I cannot say but Vashti was worthy of a sharp censure : I cannot say she was worthy a repudiation. This plaister drew too hard. It was but heathen justice, to punish the wife's disobedience in one indifferent act, with a divorce. Nothing, but the violation of the marriage-bed, can either break or untie the knot of marriage.

Had she not been a queen, had not that contemptuous act been public, the sentence had not been so hard : now, the punishment must be exemplary, lest the sin should be so. Many a one had smarted less, if their persons, if their place had been meaner. The king, the princes, approve this heavy judgment of Memu

It is not in the power of the fair face of Vashti, to warrant her stomach. No doubt, many messages passed, ere the rigour of this execution. That great heart knows not to relent; but will rather break than yield to an humble deprecation. When the stone and the steel meet, fire is stricken: it is a soft answer, that appeaseth wrath. Vashti is cast off. Letters are sent from the king into all his provinces, to command that every man should rule at home. The court affords them an awful pattern of authority. Had not Ahasuerus doted much upon Vashti's beauty, he had not called her forth at the feast, to be wondered at, by his peers and people; yet now he so feels the wound of his reputation, that he forgets he ever felt any wound of his affection. Even the greatest love may be overstrained. It is not safe presuming upon the deepest assurances of dearness. There is no heart, that may not estranged.

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It is not possible, that great princes should want soothing up, in all their inclinations, in all their actions. While Ahasuerus is following the chase of his ambition in the wars of Greece, his followers are providing for his lust at home. Nothing could sound more pleasing to a carnal ear, than that all the fair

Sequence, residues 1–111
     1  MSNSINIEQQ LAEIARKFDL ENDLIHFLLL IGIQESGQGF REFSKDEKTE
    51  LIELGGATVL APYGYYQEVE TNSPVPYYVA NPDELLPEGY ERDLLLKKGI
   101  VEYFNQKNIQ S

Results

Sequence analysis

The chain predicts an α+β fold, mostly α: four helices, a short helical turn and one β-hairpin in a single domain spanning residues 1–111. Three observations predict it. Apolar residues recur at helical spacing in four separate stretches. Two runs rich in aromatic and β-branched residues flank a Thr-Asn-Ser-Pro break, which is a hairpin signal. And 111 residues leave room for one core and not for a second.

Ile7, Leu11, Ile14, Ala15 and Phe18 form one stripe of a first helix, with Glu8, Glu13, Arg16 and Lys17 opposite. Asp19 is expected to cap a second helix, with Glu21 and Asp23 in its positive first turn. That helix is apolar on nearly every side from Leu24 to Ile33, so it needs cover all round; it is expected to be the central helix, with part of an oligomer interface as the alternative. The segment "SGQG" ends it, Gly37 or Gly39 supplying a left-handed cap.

young virgins, throughout all his dominions, should be gathered into his palace at Shushan, for his assay and choice. The decree is soon published. The charge is committed to Hegai, the king's chamberlain, both of their purification and ornaments.

What strife, what emulation, was now amongst all the Persian damsels, that either were or thought themselves fair! Every one hopes to be a queen; and sees no reason, why any other should be thought more excellent. How happy were we, if we could be so ambitious of our espousals to the King of Heaven !

Amongst all this throng of virgins, God hath provided a wife for Ahasuerus ; having determined his choice, where most advantage shall rise to his forlorn people.

The Jews were miserably scattered over the world, in that woeful deportation under Seconiah. Scarce a handful of them returned to Jerusalem. The rest remained, still dispersed, where they may; but have leave to live. There are many thousands of them turned over, with the Babylonian monarchy, to the Persian. Amongst the rest, was Mordecai, the son of Jair, of the tribe of Benjamin ; a man of no mean note or ability ; who, living in Shushan, had brought up Hadassah, or Esther, his uncle's daughter, in a liberal fashion. It was happy for this orphan, that, in a region of captivity, she lighted into such good hands. Her wise kinsman finds it fit, that her breeding and habit should be Persian-like. In outward and civil forms, there was no need to vary from the heathen: her religion must be her own: the rest was so altogether theirs, that her very

nation was not discerned.

The same God, that had given incomparable beauty to this Jewess, gave her also favour in the eyes of Hegai, the keeper of the women.

She is not only taken into the Persian court, as one of the selected virgins, but observed with more than ordinary respect. All necessaries for her speedy purification are brought